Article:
I went to a midnight showing -- 12:30 actually -- so when I left the teater it was quite late.  I won't say much about the movie, as I don't want to spoil it for anyone, and the specifics of the movie aren't important anyway.  But I was energized.  I felt like I could leap over cars and take any of the baddest bad guys in a fight if I had to.  I was inspired, and a world of possibility seemed open to me.  Yes, that "world of possibility" mainly consisted of vigilante justice, but that's not important.

Inspiration is a powerful thing.  Unfortunately, in our every-day life, there are too many things that have the opposite effect.  Sure, some things are uninspiring, but I would say that the opposite of inspiration is disempowerment.  One stimulates you to action, the other encourages inaction.  One expands your perceived realm of possibility, the other reduces it.

Disempowerment doesn't always take the form of someone telling you that you cannot do something either.  Often, it is instead a message that there is nothing you can do.  For example, in Philadelphia, the school district is broke.  They're being dismantled, 40 schools are closing next year, and 6 per year for a few years after that.  This is the framing that the issue has most often taken.  As framed, it's a problem that no ordinary citizen can address -- it's a "city-scale" problem (it may be bigger than that, but I'll jst call all big problems city-scale for now).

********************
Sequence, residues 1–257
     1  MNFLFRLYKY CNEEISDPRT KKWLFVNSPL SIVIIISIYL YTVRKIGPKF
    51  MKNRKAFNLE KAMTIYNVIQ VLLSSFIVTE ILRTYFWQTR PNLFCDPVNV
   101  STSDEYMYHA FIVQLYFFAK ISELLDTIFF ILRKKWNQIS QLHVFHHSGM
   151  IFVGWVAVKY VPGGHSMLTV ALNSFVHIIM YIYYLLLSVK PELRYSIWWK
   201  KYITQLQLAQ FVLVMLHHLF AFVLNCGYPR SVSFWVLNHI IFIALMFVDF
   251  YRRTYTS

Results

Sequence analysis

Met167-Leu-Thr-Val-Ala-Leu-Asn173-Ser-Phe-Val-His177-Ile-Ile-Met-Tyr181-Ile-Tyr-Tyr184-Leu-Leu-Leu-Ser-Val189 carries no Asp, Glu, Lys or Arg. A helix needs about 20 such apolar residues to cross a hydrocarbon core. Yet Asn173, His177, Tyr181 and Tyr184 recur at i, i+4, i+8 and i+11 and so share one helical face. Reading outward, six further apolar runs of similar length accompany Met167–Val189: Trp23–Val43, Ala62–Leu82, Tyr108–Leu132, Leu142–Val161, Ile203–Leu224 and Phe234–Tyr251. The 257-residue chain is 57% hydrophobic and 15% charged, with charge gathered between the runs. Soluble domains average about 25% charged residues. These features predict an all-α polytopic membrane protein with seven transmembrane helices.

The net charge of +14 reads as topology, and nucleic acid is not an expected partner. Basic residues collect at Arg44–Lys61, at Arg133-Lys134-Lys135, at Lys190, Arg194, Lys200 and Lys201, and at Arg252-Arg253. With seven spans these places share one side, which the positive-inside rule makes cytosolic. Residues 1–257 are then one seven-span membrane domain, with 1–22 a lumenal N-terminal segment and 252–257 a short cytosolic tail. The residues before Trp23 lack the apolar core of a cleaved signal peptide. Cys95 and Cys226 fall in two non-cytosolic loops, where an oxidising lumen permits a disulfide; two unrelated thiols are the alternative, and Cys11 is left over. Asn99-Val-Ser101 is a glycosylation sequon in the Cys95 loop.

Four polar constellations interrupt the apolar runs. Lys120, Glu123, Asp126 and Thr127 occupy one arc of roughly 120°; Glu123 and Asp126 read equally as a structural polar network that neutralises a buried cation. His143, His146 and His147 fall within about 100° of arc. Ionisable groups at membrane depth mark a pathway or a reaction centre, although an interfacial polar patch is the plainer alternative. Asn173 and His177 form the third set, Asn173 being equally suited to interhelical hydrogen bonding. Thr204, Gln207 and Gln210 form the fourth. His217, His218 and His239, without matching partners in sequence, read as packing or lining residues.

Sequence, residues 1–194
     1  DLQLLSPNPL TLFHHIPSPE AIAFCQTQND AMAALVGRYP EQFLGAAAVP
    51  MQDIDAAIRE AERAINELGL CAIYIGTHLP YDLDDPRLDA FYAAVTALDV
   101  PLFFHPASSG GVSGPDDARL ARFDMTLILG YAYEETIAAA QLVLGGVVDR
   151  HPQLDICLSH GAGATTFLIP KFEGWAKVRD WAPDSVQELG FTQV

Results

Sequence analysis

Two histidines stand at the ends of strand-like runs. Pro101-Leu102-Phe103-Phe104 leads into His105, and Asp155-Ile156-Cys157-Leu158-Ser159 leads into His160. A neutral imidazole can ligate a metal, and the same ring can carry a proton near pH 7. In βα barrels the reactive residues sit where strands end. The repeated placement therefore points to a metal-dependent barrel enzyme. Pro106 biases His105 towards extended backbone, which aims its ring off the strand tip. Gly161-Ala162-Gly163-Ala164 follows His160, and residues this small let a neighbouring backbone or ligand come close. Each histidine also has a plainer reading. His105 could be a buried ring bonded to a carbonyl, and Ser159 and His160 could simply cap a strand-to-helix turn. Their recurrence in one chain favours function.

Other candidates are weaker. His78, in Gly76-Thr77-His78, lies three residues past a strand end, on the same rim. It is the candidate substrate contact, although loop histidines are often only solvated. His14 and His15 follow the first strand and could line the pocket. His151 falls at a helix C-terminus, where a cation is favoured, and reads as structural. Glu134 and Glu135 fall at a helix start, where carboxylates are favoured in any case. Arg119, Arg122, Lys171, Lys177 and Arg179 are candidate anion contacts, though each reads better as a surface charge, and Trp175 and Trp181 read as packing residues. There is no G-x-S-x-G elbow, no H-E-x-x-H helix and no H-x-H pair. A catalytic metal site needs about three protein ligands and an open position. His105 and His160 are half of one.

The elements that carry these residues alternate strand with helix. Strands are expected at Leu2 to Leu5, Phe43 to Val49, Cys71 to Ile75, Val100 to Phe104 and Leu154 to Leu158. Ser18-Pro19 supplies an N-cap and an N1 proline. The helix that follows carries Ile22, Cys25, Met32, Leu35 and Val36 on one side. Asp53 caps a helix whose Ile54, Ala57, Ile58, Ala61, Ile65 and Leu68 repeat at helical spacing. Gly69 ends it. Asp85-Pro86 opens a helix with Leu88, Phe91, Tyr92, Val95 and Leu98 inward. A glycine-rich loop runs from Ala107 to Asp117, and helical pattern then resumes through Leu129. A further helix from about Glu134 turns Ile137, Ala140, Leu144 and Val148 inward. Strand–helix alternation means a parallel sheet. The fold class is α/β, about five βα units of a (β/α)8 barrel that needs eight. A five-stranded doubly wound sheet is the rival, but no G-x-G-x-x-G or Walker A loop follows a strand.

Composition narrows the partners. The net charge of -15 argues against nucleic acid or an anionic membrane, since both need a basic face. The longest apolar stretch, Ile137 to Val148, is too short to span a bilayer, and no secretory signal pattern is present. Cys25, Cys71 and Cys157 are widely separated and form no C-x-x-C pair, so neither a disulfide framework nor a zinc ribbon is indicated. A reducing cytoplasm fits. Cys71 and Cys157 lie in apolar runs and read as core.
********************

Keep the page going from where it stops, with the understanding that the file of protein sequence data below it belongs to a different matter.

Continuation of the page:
In the face of this type of problem, people will do two things: (1) consider what effect the problem will have on themselves and their family, and (2) consider what they can do to mitigate the effects of the problem for themselves.  There's not any point of considering a solution to the stated problem, for an ordinary citizen, because it's just too far outside of their circle of influence.  I think this is, again, because of the problem framing.